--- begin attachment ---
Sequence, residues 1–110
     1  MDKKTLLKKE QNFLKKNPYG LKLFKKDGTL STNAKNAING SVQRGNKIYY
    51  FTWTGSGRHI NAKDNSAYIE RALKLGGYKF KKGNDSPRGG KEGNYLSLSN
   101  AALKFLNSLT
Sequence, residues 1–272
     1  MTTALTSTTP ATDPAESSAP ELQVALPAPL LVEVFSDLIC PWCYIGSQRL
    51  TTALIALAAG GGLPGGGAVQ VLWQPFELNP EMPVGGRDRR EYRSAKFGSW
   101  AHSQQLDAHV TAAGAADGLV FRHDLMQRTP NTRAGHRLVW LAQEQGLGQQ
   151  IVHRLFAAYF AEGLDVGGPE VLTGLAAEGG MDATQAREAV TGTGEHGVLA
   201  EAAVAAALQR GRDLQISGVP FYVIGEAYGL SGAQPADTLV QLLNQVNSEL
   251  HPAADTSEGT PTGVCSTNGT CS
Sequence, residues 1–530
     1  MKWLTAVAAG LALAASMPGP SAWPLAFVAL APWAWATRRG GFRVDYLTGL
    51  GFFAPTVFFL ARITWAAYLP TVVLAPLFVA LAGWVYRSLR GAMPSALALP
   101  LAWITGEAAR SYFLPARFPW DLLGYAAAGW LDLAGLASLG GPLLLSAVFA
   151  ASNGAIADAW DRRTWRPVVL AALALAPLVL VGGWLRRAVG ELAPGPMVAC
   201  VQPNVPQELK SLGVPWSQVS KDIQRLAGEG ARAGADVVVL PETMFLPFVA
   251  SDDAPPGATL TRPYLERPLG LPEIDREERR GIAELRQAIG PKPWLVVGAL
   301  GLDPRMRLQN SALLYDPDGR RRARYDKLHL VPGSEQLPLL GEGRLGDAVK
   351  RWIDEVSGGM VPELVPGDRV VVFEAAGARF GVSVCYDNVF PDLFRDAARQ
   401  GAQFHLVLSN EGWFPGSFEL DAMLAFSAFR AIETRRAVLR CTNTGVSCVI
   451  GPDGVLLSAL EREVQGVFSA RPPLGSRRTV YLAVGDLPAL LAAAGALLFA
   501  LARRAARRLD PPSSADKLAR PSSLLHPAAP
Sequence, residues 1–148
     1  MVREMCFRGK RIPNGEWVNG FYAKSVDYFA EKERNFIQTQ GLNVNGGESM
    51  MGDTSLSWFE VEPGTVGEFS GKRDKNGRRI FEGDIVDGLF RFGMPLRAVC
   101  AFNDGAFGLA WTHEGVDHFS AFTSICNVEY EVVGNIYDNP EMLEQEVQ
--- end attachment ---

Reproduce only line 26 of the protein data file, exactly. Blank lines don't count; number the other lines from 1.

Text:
    51  MGDTSLSWFE VEPGTVGEFS GKRDKNGRRI FEGDIVDGLF RFGMPLRAVC